With all of the massive changes to welfare and benefits in the emergency budget, the changes to Support for Mortgage Interest (SMI) were largely lost amongst other louder headlines. But despite going relatively overlooked, the Council of Mortgage Lenders described them as the most significant changes for mortgages in the budget. And they will mark a significant shift in the way the benefit is provided, which may have wider ramifications.
The changes set to hit SMI are twofold:
- It’s switching from a benefit to a loan, and
- The waiting period for JSA and ESA claimants is set to increase
First, some brief background on SMI.
At around £300 million per annum, SMI is small in terms of welfare spending, but important. It covers the interest payments for around 200,000 home owners on their mortgages, meaning that they are less likely to be forced into having their home repossessed and – ultimately – to end up homeless.
It’s got tight eligibility criteria and is restricted to very low income households who are out of work, pensioners or sick or disabled. In fact, the overwhelming majority of recipients of SMI either qualify through Pension Credit or Employment and Support Allowance.
It might sound generous for the state to pay people’s mortgages on their private homes, but the fact that it only covers interest payments means that recipients aren’t able to use it to increase their stake in their home at the taxpayer’s expense. It’s also considerably cheaper than paying to rehouse them in the renter sector. The average SMI claimant receives around £1800 a year, compared to the average housing benefit claimant who receives £5000.
Following the budget, SMI is set to change fundamentally.
It has, until now, operated much like any other benefit. Tax receipts have been used to make a payment from the state to the recipient (albeit in the case of SMI it has gone directly to the mortgage provider), which tops up their income and is not repaid.
But from 2018 it will move from a state benefit to a state-backed repayable loan. A charge will be placed on the recipient’s mortgage and they will be expected to repay the amount that they have received, plus interest, either when they get back into work or when their home is sold.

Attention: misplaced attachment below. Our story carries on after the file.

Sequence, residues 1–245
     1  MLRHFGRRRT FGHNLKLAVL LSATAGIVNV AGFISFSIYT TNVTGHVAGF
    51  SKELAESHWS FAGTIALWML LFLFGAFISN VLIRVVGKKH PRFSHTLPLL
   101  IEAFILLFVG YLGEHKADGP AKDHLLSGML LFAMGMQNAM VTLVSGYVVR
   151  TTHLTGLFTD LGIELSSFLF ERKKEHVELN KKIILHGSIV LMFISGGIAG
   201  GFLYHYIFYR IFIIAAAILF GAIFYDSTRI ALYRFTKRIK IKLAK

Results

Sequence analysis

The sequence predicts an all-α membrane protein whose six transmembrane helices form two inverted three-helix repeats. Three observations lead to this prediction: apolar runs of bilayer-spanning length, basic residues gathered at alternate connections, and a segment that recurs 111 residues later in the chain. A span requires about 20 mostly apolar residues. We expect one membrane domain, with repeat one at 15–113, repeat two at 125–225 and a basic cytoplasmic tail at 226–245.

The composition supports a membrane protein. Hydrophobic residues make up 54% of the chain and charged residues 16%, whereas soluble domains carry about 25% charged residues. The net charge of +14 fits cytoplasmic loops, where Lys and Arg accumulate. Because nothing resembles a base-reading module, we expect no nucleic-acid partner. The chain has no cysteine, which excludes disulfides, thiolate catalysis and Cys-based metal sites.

Shelter has previously warned that switching SMI to a loan may discourage some households from seeking help and instead encourage them to sell their homes. We, like lenders, are waiting for more details to see how the changes may affect the quality of the support that is provided for those who need it.
But the significance of the change is potentially broader.
Moving SMI to a loan markedly shifts what home owners can expect to receive from state support. In effect, society will no longer provide support for home owners who get into difficulty – they will be expected to pay for it themselves. Given the announcement this week that the government is looking at getting people to pay into savings accounts to cover sickness benefits it’s in line with a broader direction of travel.
Although it’s easy to feel squeamish about such a change, it isn’t necessarily all bad.
In the first place, the fact that SMI claimants own a considerable asset (which is likely to be appreciating in value as they claim) makes their situation fundamentally different to housing benefit claimants.
More important than this, though, as I’ve written above, access to SMI is currently very, very tight. Reforming it by making it self-financing might offer an opportunity to widen the support that it gives to more households who get into payment trouble. The support it gives could also be improved in other ways, like offering the support for longer for JSA claimants.
But the second change to SMI – re-extending the waiting period from 16 to 39 weeks in 2016 – seems to look this opportunity in the face and then decide to ignore it. The extension means that from 2016 the few home owners who are eligible will have to wait the best part of a year before they can get the support that might keep them in their home.
This is not only something that we should regret as a missed opportunity; it may have serious practical implications.
The cut in waiting period for SMI is one of the things credited with helping people stay in their homes following the recession. With an increase in interest expected around the same time as the waiting period will increase and other pressures, such as unexpected rises in unemployment, an ever-present risk, concern that this change could lead to more repossessions is legitimate. Given that, not using the opportunity created by making it self-sustaining seems short-sighted.
 Because of the way the interest payments households receive is calculated there’s a chance that some actually do get more than their interest payments actually cost. This is because all recipients receive an amount calculated on a standard rate of interest (rather than what they actually pay). However, this also means that some households paying higher interest rates are left with a shortfall.